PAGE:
We managed to get an afternoon out of the office to visit the NEC for TCT Additive Manufacture show last week. It was our first time to TCT this year, however, first impressions were the industry show is changing. In many ways a coming together of aerospace standard scanning and printing systems and the Maker Faire / Hackspace type community.
We know we have been talking desktop printing a little of late, however when we make parts available for download we thought we would share a simple and brief update here. We love the Ultimakers ability to allow us rapid validation of our CAD work , were very impressed with the materials Ultimaker supply also. However there is a plethora of ABS and PLA filament options out there to use from other suppliers. What we found however, is there is a large variation in the spool dimensions. We bought a spool that would not fit the standard bracket. So - we made one ourselves and here it is built only two hours later.
We have always used rapid prototyping as part of our product development process. If we need high accuracy parts made from specific materials, then rapid CNC is the way we would prototype our developing CAD model. If material type is less important we may have chosen from various Rapid prototyping techniques, including SLS ( Selective Laser Sintering ) Parts fused by a laser from a bath of powdered plastic and SLA ( Stereolithography ) Parts activated in layers, by a laser in a bath of photo-active resin. These are all good in their own way, however the machines themselves can cost upto £50k and need constant work 24/7 to be cost effective, if used inefficiently that cost would go on to the customer, which we would never want. While we have world class resources in the UK and Far east for prototyping and small scale manufacture, as noted from our previous post, we were keen to have a desktop solution as part of the open source community for 3D printing. We went to the global community for their recommendation,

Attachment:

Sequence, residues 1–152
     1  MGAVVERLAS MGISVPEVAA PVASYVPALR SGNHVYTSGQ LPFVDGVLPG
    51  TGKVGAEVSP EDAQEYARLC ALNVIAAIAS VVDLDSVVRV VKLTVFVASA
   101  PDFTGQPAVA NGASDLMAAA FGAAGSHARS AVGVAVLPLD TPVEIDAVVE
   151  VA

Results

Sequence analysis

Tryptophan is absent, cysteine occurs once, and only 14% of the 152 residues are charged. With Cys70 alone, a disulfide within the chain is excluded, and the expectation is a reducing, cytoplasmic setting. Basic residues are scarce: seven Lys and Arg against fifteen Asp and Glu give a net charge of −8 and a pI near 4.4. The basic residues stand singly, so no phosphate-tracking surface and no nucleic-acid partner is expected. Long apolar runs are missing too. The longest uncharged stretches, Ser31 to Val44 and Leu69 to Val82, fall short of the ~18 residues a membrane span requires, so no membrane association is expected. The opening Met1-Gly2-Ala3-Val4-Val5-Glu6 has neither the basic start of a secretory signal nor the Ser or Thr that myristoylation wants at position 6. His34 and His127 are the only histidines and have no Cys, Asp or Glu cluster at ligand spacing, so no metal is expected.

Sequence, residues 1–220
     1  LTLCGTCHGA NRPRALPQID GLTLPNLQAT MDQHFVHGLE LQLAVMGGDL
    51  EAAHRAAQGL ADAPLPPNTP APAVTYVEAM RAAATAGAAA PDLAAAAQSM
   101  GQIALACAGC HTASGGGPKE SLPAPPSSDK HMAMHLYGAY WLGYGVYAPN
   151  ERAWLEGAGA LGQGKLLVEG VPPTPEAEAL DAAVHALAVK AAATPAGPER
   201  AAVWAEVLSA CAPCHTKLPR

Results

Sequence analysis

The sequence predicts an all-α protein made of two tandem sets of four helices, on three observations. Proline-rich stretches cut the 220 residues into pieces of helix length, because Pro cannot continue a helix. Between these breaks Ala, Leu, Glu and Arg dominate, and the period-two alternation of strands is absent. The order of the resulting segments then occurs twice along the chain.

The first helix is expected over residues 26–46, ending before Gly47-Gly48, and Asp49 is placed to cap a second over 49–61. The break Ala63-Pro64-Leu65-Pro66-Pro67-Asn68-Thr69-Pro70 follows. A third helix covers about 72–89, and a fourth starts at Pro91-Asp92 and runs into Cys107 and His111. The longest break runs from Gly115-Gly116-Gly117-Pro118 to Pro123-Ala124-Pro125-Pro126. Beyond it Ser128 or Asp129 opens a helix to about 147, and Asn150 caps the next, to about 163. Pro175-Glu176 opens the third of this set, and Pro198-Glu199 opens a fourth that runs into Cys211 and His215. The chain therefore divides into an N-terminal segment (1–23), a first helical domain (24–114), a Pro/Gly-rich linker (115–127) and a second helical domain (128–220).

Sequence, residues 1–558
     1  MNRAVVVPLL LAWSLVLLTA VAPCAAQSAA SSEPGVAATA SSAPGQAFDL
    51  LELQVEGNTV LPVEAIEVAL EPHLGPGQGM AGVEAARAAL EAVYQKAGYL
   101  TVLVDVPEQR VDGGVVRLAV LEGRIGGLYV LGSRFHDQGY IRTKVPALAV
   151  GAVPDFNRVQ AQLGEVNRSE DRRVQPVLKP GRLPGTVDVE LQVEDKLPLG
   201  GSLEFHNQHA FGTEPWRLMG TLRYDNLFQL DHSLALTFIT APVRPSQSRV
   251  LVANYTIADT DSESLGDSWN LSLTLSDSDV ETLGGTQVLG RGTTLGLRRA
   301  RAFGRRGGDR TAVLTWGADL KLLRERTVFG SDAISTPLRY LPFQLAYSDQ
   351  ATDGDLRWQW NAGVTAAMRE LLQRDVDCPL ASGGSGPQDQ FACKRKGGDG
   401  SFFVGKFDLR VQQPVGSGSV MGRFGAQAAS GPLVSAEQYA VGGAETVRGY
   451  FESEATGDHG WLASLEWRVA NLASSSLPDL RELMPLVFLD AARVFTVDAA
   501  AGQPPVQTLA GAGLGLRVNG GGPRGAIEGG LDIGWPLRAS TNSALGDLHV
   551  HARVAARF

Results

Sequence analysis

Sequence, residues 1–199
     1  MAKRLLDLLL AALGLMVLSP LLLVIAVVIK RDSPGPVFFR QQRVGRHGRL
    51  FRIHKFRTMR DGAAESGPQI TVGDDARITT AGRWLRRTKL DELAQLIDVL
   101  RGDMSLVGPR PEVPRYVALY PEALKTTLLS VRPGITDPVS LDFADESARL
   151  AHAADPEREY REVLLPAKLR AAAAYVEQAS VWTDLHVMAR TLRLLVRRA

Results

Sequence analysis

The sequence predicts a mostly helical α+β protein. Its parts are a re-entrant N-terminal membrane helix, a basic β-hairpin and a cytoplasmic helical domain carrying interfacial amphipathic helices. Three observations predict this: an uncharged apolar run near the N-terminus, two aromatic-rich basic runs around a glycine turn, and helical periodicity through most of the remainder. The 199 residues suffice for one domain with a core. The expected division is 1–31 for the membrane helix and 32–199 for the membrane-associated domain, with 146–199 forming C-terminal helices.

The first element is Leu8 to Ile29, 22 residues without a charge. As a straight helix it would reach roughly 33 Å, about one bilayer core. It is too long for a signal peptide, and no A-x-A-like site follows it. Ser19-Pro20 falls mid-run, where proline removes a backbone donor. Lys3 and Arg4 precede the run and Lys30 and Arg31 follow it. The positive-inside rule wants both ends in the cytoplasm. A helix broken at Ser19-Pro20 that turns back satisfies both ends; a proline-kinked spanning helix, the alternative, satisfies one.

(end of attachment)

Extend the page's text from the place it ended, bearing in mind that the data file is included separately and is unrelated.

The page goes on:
Unless you have been living on the dark side of the moon for the last 5 years, you probably know about the emergence of affordable 3D Printing. An early device to weigh in was actually developed just down the road from us at Bath University. The RepRap project was born out of a philosophy paper - the idea surrounding a machine that helps to build its progeny. RepRap was designed out of 3d printed parts, hence the device could produce "offspring". 3D Printing Significantly RepRap was a not for profit and open source movement, which has to be a significant factor in the explosion of the 3D printing enthusiast community, just run the term "3D printing" through Google Trends and you can see the explosion around 2011. We then saw many devices spring up as commercial start ups, apparently very much based on the RepRap, in particular the majority are based on "Fused Deposition Modelling" ( Imagine an inkjet printer that extrudes a tiny stream of hot plastic over a platform that drops away, as the part builds up the layers.)